Landsgemeinde in Schwyz: AD 1294
The forest districts of Switzerland, smaller than other political units in the Middle Ages, adopt a form of government in the Athenian tradition of direct democracy.
These districts are like Athens, in that the community is small enough for every adult male to be able to walk to an assembly and cast a vote. In Switzerland such a meeting is called a Landsgemeinde (district community); the earliest record of one is in Schwyz in 1294. Held in the open air, assemblies of this kind become the highest legislative authority in the rural cantons of the Swiss federation – Uri, Schwyz, Unterwalden, Zug, Glarus and Appenzell.
Even today a Landsgemeinde is still held every year, on the last Sunday of April, in the tiny canton of Appenzell. Issues of local relevance are voted on, and passed into law, in the traditional method.
At the earliest known Landsgemeinde, in Schwyz in 1294, the issues are of grave concern, with weighty implications for the future of the region. The meeting takes place just three years after the formation of the Everlasting League.
Everlasting League: AD 1291-1315
On the death of Rudolf I, in 1291, the three forest districts of Uri, Schwyz and Unterwalden openly campaign against the election of his Habsburg successor, Albert, as German king. To protect themselves against Habsburg attack, they pledge themselves to an Everlasting League of mutual defence (signing it, tradition says, in the Rütli meadow in Uri).
The pledge remains for the moment hypothetical. A rival candidate wins the crown. Albert subsequently defeats him in battle and becomes the German king, in 1298. But there is no dramatic clash between the rebellious cantons and the Habsburgs until fifteen years later, when the next escalation in the drama follows an act of aggression by the Swiss.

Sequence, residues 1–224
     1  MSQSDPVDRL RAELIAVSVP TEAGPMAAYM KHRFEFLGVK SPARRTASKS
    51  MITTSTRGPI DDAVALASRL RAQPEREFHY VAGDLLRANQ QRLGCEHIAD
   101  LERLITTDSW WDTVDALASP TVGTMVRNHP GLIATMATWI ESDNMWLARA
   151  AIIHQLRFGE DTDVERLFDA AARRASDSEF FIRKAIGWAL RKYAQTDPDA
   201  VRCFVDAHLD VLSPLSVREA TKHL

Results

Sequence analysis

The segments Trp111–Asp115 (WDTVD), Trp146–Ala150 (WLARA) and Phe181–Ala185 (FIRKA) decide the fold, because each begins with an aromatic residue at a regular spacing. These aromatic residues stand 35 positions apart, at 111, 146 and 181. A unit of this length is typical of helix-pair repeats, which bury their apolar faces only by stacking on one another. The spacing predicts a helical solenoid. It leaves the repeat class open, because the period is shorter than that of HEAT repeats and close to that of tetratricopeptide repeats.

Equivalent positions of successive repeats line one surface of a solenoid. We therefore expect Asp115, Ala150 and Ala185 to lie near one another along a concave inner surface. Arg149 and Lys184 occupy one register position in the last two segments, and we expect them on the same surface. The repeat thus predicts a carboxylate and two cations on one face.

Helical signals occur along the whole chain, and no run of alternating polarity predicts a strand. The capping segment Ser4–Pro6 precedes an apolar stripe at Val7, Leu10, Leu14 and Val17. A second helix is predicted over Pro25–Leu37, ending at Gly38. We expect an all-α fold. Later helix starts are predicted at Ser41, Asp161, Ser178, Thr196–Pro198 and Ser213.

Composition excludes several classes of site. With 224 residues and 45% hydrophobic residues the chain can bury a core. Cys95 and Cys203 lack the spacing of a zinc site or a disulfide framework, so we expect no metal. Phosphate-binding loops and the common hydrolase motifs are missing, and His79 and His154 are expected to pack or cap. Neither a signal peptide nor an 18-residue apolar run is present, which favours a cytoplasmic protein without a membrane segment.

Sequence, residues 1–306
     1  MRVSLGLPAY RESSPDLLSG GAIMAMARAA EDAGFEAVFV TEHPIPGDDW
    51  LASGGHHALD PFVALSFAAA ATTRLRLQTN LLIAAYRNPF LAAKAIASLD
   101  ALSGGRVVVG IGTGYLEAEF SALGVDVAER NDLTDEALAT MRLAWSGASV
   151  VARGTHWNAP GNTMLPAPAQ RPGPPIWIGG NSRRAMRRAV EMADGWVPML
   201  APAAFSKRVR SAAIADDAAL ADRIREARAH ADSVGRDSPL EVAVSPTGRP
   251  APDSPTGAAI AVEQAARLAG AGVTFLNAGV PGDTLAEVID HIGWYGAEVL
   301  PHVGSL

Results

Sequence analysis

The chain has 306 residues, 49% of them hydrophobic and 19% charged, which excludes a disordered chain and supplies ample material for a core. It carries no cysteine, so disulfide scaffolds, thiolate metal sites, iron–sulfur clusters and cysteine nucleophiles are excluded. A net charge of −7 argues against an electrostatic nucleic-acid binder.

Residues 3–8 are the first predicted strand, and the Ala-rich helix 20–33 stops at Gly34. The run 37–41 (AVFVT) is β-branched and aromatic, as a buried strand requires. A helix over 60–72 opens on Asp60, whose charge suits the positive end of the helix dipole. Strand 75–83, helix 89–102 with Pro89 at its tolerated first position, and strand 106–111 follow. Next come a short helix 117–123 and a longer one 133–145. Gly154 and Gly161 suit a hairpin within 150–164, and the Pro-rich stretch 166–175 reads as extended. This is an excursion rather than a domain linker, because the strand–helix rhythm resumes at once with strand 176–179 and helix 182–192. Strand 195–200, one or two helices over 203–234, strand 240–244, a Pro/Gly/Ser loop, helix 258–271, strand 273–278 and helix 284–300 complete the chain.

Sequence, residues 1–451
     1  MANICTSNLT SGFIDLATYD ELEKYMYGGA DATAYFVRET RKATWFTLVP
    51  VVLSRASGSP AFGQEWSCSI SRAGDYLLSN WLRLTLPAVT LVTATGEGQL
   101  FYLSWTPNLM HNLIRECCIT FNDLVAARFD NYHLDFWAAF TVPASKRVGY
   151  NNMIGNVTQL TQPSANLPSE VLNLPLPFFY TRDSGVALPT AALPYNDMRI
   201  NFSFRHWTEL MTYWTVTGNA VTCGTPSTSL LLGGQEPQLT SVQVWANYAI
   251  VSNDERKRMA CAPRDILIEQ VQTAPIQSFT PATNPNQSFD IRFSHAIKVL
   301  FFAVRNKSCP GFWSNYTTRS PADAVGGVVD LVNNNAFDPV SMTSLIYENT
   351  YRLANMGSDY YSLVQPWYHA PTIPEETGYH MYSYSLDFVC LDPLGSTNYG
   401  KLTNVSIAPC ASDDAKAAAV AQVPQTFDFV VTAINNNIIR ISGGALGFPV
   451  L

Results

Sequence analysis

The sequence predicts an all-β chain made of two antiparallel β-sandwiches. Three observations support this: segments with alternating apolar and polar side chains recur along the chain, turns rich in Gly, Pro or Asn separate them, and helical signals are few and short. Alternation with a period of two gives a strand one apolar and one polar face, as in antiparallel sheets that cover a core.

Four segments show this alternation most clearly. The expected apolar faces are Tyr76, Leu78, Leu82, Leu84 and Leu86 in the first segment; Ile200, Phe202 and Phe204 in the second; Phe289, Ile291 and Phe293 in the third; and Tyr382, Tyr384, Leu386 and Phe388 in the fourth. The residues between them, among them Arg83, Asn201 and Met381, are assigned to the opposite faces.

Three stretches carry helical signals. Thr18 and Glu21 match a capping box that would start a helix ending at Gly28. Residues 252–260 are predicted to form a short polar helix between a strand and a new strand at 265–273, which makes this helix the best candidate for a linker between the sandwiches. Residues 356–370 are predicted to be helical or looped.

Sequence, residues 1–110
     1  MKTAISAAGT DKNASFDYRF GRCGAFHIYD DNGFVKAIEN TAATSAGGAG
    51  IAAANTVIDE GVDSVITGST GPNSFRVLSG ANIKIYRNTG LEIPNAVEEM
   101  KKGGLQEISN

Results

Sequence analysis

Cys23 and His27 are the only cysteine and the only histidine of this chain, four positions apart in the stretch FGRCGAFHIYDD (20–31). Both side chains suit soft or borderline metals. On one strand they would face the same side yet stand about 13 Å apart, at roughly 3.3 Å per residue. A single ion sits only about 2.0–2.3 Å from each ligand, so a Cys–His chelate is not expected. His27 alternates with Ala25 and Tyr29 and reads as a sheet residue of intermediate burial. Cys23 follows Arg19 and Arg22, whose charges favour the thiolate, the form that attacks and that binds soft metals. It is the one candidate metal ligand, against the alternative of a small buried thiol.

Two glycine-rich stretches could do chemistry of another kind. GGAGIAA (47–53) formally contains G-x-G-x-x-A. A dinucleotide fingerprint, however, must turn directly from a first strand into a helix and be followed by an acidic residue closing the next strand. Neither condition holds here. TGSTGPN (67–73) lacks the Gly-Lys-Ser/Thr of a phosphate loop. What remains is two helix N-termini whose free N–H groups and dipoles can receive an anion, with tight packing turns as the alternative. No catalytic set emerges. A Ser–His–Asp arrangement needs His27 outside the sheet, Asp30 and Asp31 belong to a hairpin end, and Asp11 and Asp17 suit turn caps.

In 1313 the men of Schwyz attack the rich Benedictine abbey of Einsiedeln. The Habsburgs, with feudal responsibility for the abbey, take various steps to reassert their authority. When these fail, they assemble a great army in 1315 to attack Schwyz.
On the mountain slope of Morgarten, on the border of Schwyz, the glittering Habsburg array is met on November 15 by a much smaller citizen army drawn from the farmers of Schwyz, Uri and Unterwalden. The Swiss are armed with a weapon which they make very much their own – the halberd.
The Habsburg knights, mounted and in armour, rely on the thundering weight of a charger to mow down the opposition. In the confined space of Morgarten, they find themselves at the mercy of the Swiss halberdiers.
At the end of each 8-foot halberd there is a sharp metal point; this can jab like a spear. Below the point to one side is a hook; this is used to grapple a knight and drag him from his horse. Below the point on the other side there is an axe blade; with a heavy sweeping blow, at the end of the long handle, this will cut through armour and sink into limb or neck. With this lethally adaptable weapon the Swiss footsoldiers bring down the Habsburg cavalry.
The great victory at Morgarten prompts the Swiss farmers to renew their Everlasting League. They meet on December 9 at Brunnen, Schwyz’s port on Lake Lucerne. This time the document is in German (in 1291 it was in Latin), but the clauses are much the same. None of the three confederate cantons is to accept any new feudal obligation without consulting the others; all are to come to each other’s defence if attacked.
It is an agreement which other Swiss cantons can subscribe to when they wish, and it remains the basis of an expanding Swiss confederation. The leading role of Schwyz, particularly at Morgarten, causes the confederation to be referred to informally as Schwyz (hence Switzerland) from as early as 1320.